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What is Hazard Insurance?

Updated: January 2019

Hazard insurance is a term sometimes used to describe the coverages that homeowners insurance provides for certain risks, according to the Consumer Financial Protection Bureau (CFPB). Some common examples of hazards (also referred to as perils) that are often covered by homeowners insurance include fire, theft and vandalism, among others.

Mortgage lenders usually require proof that you have a homeowners insurance policy to help pay to repair damage caused by those hazards, says the CFPB.

Man reading his homeowners insurance policy.

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WHAT DOES HAZARD INSURANCE TYPICALLY COVER?

Homeowners insurance typically helps cover damage from hazards such as:

It's important to remember that not all insurance policies are the same. Be sure to read your policy or check with your agent to learn what risks may or may not be covered by your policy. For example, damage caused by floods and earthquakes are typically not covered by homeowners insurance.

3 HOME INSURANCE COVERAGES THAT PROTECT AGAINST HAZARDS

Homeowners insurance generally includes three types of coverage that helps protect your home, other structures on your property and your belongings. Here's an overview of how a typical homeowners insurance policy may help protect you from perils such as the ones listed above.

Dwelling coverage.

The physical structure of a home is protected by dwelling coverage. For instance, if fire damages your walls or hail dents your siding, this coverage may help pay for repairs.

Other structures coverage.

Homeowners insurance typically extends to structures other than an actual home. If you have a fence, shed or detached garage on your property, you may find insurance will help pay to repair or replace them after a covered loss.

Personal property coverage.

Personal property is a term used to describe your belongings. Think about all of the items you own: your clothes, electronics and housewares, for example. All of those items are considered personal property. Suppose your television is stolen or your furniture is damaged by a fire in your home. This coverage may help pay to replace items damaged or destroyed by certain perils.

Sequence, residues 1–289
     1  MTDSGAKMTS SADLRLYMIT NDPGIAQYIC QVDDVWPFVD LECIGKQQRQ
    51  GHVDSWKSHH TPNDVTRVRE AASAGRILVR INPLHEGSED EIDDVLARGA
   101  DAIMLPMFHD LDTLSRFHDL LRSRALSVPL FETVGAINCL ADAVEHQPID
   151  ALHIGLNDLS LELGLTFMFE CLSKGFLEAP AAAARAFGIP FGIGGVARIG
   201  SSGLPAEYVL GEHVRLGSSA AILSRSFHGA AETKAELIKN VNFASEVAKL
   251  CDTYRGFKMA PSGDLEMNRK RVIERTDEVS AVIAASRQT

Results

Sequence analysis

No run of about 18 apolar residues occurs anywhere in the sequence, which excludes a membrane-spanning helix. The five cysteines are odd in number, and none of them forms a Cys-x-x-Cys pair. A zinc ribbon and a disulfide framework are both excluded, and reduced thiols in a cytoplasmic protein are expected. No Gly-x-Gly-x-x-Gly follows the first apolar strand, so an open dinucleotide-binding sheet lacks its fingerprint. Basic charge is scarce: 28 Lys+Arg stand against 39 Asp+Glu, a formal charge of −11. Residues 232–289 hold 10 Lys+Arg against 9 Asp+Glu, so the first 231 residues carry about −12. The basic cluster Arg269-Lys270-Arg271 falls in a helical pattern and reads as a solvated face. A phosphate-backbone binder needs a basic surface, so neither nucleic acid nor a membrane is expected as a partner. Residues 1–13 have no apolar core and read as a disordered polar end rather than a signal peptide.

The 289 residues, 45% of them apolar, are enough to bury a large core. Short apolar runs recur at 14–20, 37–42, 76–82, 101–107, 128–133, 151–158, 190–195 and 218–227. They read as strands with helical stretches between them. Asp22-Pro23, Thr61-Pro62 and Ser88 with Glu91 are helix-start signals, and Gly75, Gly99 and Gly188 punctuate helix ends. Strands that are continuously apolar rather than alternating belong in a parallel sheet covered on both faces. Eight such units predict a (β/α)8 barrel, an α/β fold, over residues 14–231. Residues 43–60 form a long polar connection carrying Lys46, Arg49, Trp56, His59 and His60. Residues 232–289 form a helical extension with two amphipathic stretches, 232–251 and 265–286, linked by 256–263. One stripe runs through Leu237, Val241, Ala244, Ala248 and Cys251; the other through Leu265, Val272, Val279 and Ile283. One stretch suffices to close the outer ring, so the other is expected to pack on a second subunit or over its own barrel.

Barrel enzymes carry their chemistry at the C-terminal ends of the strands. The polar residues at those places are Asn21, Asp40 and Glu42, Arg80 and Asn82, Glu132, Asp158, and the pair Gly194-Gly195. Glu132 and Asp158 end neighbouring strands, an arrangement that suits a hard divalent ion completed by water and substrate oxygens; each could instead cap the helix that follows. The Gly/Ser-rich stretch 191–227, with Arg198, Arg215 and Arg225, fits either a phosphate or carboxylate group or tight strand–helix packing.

DEDUCTIBLES AND LIMITS

When a covered hazard, such as fire or theft, prompts you to file a homeowners insurance claim, you may have to pay a deductible, which is the amount of money you have to pay out of pocket before your insurance company begins to help pay for a claim. The deductible for each coverage in your homeowners policy is stated in your policy declarations.

It's also important to understand that each coverage has a limit, which is the maximum amount your insurer will pay toward a covered loss. Any expenses beyond your coverage limit are your responsibility. Your insurance agent can help you raise or lower your coverage limits to suit your needs.

Do you have more questions about how insurance may help you when the unexpected occurs? Contact a local agent for help crafting a homeowners insurance policy that fits your needs.

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This content is for informational purposes only and may not be applicable to all situations.

Coverage subject to terms, conditions, and availability. Policy issuance is subject to qualifications. Allstate Insurance Company, Allstate Indemnity Company, Allstate Fire and Casualty Insurance Company, Allstate Property and Casualty Insurance Company, Northbrook, IL. © 2019 Allstate Insurance Company, Northbrook, IL.
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